UPDATED: Sen. Tillman files bill to eliminate Personal Education Plans (PEPs) in public schools

Senator Jerry Tillman (R-Randolph) filed a bill Wednesday that would eliminate the requirement for public schools to offer Personal Education Plans (PEPs), which provide academically struggling, at-risk students with strategic interventions to bring them up to grade-level proficiency.

“Personal education plans are just a lot of paperwork for a lot of students who really just don’t need them,” Sen. Tillman told N.C. Policy Watch on Thursday.

Tillman said he filed the bill to eliminate PEPs because teachers are already saddled with a lot of work, and the good ones already know which students need help.

“The good teachers are doing informal assessments all the time, and they already know what they’re doing. PEPs are just needless paperwork,” said Tillman.

Personal education plans were first introduced in 2001 as a way to help at-risk students who struggle academically yet don’t qualify for an Individual Education Plan (IEP), which are federally mandated for students with disabilities.

The PEPs offer a mechanism for students and parents to work alongside teachers in developing customizable plans that would improve students’ academic achievement. Focused interventions that could be included in the plans include additional tutoring, mentoring, smaller classes and afterschool instruction, among others.

Jane Wettach, Duke University law professor and director of the Children’s Law Clinic, doesn’t dispute that teachers likely already know which students need more help than others.

But the point of the PEPs, says Wettach, is to provide students with additional academic supports outside of the standard academic day, because teachers don’t have the time or means to help all at-risk students during regular hours.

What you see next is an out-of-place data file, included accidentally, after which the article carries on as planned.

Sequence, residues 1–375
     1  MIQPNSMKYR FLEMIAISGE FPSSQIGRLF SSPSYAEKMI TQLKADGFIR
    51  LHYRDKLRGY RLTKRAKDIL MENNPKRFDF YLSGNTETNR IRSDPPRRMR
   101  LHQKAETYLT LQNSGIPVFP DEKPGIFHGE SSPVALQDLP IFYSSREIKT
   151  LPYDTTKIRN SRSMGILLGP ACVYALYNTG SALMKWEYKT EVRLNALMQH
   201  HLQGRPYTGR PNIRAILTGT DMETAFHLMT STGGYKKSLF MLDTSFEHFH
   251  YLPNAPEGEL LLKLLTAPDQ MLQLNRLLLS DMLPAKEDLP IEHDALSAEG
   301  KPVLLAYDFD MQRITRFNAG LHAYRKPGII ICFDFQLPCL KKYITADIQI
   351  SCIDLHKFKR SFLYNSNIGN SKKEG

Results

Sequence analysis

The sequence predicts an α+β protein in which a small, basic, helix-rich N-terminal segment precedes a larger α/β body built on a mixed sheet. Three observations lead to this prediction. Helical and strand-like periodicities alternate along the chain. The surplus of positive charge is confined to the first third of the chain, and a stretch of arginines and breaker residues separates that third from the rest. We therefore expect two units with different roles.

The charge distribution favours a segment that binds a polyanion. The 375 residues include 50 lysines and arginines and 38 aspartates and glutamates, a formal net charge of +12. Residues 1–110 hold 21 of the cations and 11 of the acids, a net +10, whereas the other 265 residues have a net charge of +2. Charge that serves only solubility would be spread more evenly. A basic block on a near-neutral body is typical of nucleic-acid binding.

“The thing that PEPs do differently is that they require additional instructional services to be done outside of the normal school day,” said Wettach.

“Even really excellent teachers cannot necessarily in a regular school day provide everything that an at-risk student needs to get to grade level,” Wettach added.

Current state law requires local school districts to offer PEPs to all eligible at-risk students, who can be identified as those who do not perform at grade level on End of Grade and End of Course tests, or in other ways as determined by the district. The district must provide the additional academic interventions for free, in addition to providing free transportation to and from these services.

Wettach sympathizes with teachers or districts that feel frustrated with the increased demands PEPs place on their time and resources.

“You can’t ask teachers to do [PEPs] with no compensation and no resources. These are only as effective as they are resourced,” said Wettach, who says instead of abandoning PEPs because they are too much work, adequately fund them in order to make them realistic strategies for improving student success.

Wettach also pointed out that with today’s increased pressure on school districts to have their students meet grade level standards thanks to the new A-F school grading system, there has to be something in place to address the needs of students who are unable to make that kind of progress in the regular school day.

Representative Tricia Cotham (D-Mecklenburg) says eliminating PEPs is a bad idea.

“Eliminating PEPs is a step in the wrong direction,” said Cotham. “It’s a disservice for academically struggling children and limits accountability and measurability.”


  1. Donald Ball

    March 12, 2015 at 2:08 pm

    It’s almost as if Senator Tillman is trying to increase the appeal of charter and private schools over public schools.